There's something precious about the way mesta (homemade yogurt) is made. You slowly simmer milk, swaddle it in a blanket right before going to sleep, and then you wake up to the most perfect breakfast. But for all its preciousness, the process is not the least bit fussy. So if you've never fermented anything at home, yogurt is a nice first project. It doesn't take very long, it doesn't require any special equipment, it's very hard to mess up, and the results are so much more delicious than anything you can buy in a store. All you need is milk and a little bit of leftover yogurt, which we call the khumsah.
If you have a lot of friends or relatives who make their own yogurt, you should be able to track down some real khumsah, left over from the last batch of homemade yogurt. The khumsah gets passed on from friend to friend and generation to generation, so that it eventually becomes impossible to pinpoint where or when it started. But if you don't have a homemade yogurt fanatic friend, you can always start your first batch off with a scoop of store-bought yogurt. After you make the first batch, just be sure to set a little bit of yogurt aside to make more—you'll be on a roll and soon your friends will start showing up at your house, asking you if they can borrow a scoop.
If you've never tried plain homemade yogurt, you don't know what you've been missing. But there are also a lot of tasty ways to dress up this humble bowl. Try out some of these serving suggestions (crowd-sourced from my friends and family), whether you've got homemade or store-bought:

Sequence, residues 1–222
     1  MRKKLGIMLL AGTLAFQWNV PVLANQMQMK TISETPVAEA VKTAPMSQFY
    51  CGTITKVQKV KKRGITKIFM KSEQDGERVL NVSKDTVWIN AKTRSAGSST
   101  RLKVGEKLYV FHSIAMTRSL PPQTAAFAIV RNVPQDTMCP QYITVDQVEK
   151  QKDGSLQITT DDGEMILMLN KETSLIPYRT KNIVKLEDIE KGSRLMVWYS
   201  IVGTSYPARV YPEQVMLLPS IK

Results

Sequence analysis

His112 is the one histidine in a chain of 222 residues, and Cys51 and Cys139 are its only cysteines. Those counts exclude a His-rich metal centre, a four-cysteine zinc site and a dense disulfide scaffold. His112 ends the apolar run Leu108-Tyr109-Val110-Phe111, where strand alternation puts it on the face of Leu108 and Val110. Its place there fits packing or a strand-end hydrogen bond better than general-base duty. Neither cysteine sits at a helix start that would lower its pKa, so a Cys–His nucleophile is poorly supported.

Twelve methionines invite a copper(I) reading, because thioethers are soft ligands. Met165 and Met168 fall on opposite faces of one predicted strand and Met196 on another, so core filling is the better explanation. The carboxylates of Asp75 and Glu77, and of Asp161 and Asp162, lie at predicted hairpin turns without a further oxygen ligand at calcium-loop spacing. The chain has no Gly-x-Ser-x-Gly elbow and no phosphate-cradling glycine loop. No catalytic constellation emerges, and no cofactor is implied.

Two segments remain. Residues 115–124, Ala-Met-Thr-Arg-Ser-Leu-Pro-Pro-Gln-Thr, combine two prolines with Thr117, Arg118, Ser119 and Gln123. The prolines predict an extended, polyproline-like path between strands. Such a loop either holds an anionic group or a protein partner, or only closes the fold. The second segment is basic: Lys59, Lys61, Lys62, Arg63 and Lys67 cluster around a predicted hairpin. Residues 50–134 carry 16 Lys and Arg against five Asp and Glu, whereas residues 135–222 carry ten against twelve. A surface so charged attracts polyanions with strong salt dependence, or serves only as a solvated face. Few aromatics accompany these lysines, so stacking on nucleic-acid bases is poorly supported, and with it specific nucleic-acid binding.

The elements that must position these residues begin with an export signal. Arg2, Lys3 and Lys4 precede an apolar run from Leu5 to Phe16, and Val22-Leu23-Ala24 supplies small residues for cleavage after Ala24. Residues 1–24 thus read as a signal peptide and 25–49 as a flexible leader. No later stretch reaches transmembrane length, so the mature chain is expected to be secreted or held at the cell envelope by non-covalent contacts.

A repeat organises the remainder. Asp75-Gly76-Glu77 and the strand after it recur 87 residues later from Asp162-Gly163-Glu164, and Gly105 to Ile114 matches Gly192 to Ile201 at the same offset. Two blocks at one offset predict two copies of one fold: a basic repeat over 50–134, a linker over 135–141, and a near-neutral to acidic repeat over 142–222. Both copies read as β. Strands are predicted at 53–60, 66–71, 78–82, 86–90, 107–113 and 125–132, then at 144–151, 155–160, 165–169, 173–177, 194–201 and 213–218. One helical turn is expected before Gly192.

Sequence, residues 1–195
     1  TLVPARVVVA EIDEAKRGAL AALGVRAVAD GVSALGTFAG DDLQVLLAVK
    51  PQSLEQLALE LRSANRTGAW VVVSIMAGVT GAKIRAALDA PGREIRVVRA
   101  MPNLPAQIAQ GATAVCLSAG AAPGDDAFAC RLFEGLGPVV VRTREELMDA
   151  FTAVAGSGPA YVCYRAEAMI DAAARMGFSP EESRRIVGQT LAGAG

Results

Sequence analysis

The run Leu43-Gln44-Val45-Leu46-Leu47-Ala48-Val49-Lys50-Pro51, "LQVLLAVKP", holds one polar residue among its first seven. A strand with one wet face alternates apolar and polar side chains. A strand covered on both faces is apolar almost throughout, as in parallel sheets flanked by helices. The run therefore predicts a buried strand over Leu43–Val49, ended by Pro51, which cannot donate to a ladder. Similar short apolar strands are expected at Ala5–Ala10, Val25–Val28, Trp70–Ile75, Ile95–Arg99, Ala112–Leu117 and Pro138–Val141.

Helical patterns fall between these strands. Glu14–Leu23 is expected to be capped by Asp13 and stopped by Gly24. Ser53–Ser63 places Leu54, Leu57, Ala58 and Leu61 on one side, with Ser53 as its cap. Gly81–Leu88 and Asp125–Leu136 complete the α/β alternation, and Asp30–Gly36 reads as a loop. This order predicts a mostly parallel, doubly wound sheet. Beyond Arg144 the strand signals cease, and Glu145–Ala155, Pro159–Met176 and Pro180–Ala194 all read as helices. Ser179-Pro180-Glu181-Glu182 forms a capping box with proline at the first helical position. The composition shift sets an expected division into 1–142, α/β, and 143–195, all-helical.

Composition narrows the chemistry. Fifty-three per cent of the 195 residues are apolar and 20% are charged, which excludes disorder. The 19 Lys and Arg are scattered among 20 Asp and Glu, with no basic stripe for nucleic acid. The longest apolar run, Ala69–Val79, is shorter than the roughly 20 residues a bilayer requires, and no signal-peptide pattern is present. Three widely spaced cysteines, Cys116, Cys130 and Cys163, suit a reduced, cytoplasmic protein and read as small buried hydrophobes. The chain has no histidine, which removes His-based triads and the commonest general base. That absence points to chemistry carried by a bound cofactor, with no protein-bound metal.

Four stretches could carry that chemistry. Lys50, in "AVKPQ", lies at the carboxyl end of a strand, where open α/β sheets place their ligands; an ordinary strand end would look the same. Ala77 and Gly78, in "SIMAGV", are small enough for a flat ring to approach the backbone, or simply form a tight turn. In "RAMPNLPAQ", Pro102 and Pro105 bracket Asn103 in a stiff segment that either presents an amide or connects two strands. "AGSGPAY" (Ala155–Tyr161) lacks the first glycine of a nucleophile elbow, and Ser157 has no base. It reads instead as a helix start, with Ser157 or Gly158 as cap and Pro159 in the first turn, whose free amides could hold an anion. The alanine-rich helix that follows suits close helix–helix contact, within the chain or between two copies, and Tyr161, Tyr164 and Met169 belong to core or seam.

Rosewater, pistachio, and honey (pictured above)
Figs, dates, honey, and cinnamon
Slivered almonds and a dollop of jam or honey
Apple, pomegranate, and slivered almonds
Za'atar and extra virgin olive oil (above left)
Oregano, garlic powder, and extra virgin olive oil (above right, pictured with Cuban oregano)
Mint or dill, cucumber, garlic powder (a variety of jajik)
+ Add some pita chips or prakhe (stuffed grape leaves) to any savory option
homemade yogurt | mesta
yield: 4 quarts, unstrained
active time: 35 minutes
total time: 8 1/2 to 24 hours
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1 gallon whole milk
1/4 cup yogurt with live active cultures (also known as khumsah) *
Heat the milk very carefully over medium-low heat so that it doesn't scorch or boil over. Stir it every few minutes and keep a very close eye on it.
As soon as it starts to simmer, take it off the heat and pour it into the container you're going to store it in (either glass or ceramic). Or you can leave it in the same container you heated it in, as long as it's a non-reactive metal and you have avoided scorching the bottom.
Let it cool down a bit, checking periodically to make sure the milk doesn't cool down too much. It should still feel warm, but should be cool enough that you can stick your finger in the milk without burning yourself. Once it's at this point, add the khumsah to a small bowl and combine it with 1/4 c of the warm milk.
Add this mixture back into the container, mix it together, and cover it with a loose-fitting lid or plastic wrap.
Wrap the whole thing in a blanket. This will keep it insulated so that it keeps some of the residual heat from the milk.
Store the blanketed container in the oven and put a note on the control board so no one turns it on while your yogurt is inside.
Let it ferment anywhere between 8 to 24 hours, depending on how sour you want it to be. It will become more sour as it ages. 12 hours is usually perfect.
Once you're happy with the consistency, put it in the refrigerator to let it chill.
Once it's chilled, put a couple of layers of undyed paper towels or clean tea towels (washed without dryer sheets, fabric softener, or fragrance) on top to soak up some of the whey. Discard after they absorb as much liquid as they'll hold.
Enjoy the mesta as is, or hang it with cheesecloth to turn it into Greek yogurt (hung for about 4 hours) or labneh (hung for about 12 hours).
* The khumsah can be from a homemade batch of yogurt, or a scoop of store-bought yogurt.